This has been talked about a lot, but the idea of retaining a chunk of James Neal’s cap-hit and trading him to the Seattle Kraken is very interesting. The Oilers could very easily put themselves in a situation where they don’t have a quality NHL player on their list for the Kraken to take (that is a whole different conversation that I will have with you another day).
At that point, it very well may become appealing for them to take a draft pick from the Oilers if Edmonton wants to offload James Neal at a lower cap hit.
The only way I could see the Oilers getting rid of Koskinen is if they overpay in a trade for another goaltender and that team agrees to take Koskinen’s deal off their hands. Seattle will have enough good, young goaltenders to choose from in the expansion draft. They won’t want Koskinen.
Just to throw a hypothetical at you, let’s say that the Oilers wanted to trade for Darcy Kuemper out of Arizona. They could throw in an extra draft pick and have Arizona take the last year of Koskinen’s contract with a certain amount of money retained. Arizona would have a second goalie to run with Adin Hill and they’d get an extra draft pick, which they need right now.
The third option is a hybrid of a buy-out and a trade. They could trade either Neal or Koskinen to another team, retain money, and have that new team buy out the player. This is much harder to coordinate.
A few years back the Colorado Avalanche took on Brooks Orpiks’ contract as a part of the Phillip Grubauer trade. The exact cost there is hard to determine since Grubauer was such a big part of the deal. The other example of this that I remember is back in 2019 when the Toronto Maple Leafs gave the Carolina Hurricanes a first-round pick in order for the Canes to buyout Patrick Marleau. Marleau’s cap hit at the time was $6.25 million. Neither of those situations involved the first team retaining any money though.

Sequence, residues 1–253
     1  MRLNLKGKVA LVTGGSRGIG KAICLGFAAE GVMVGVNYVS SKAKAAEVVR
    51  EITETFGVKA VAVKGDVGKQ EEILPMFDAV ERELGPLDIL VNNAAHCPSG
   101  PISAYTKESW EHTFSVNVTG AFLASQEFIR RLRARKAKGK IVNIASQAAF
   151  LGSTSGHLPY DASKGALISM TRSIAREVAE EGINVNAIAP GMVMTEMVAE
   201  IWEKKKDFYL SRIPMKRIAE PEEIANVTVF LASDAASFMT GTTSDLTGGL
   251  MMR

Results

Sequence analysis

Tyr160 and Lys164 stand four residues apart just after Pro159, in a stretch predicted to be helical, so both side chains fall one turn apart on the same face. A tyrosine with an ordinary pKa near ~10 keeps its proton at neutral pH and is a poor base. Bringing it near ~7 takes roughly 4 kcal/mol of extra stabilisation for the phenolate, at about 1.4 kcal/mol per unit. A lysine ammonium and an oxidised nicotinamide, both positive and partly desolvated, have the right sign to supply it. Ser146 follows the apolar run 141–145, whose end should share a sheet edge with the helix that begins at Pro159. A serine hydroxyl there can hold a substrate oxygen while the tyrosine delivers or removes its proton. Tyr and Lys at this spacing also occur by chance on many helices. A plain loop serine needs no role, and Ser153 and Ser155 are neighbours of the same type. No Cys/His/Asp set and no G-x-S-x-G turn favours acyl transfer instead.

The Oilers wouldn’t have to give up a first-round pick to make this happen, especially if they eat a portion of the players’ cap hit, which neither Toronto nor Washington did in those two examples. How does it exactly work when a team retains money and then they get bought out? I asked PuckPedia to explain it:
“When a retained player is bought out, the buyout cap hit is based on the retained %. So if they traded him at 50% and then he’s bought out, the Oilers only cap hit would be 50% of the buyout, which would be $750K next year and $750K the year after (in the case of Mikko Koskinen). So depending on the cost to make the trade, retaining half and having the new team buy the player out gives half the buyout cap hit compared to the original team buying the player out”
After hearing the numbers, that could very well be done in the case of Mikko Koskinen. The Oilers could eat half, send a low draft pick to another team, have them buy out Koskinen, and only have $750k on their books for the next two seasons.
As for Neal, if they went that route, it would involve them having just around $1 million in dead space for four more seasons and the team they trade with would hold onto the rest. That’s also appetizing for the Oilers, but finding another team to take four years of dead money might cost you a decent draft pick.
The point I’m trying to make with this article is that before Ken Holland does any sort of heavy lifting in the offseason, he needs to know how much money he has to throw around and how many assets he has. That’s why it’s important to make a decision on both Koskinen and Neal.
They might not both need to be bought out, and it might require some creativity from the Oilers front office, but they should be getting out from both of these contracts this offseason. They have plenty of options to do so.
That is part one of my offseason plan. Part two will be available on the site soon!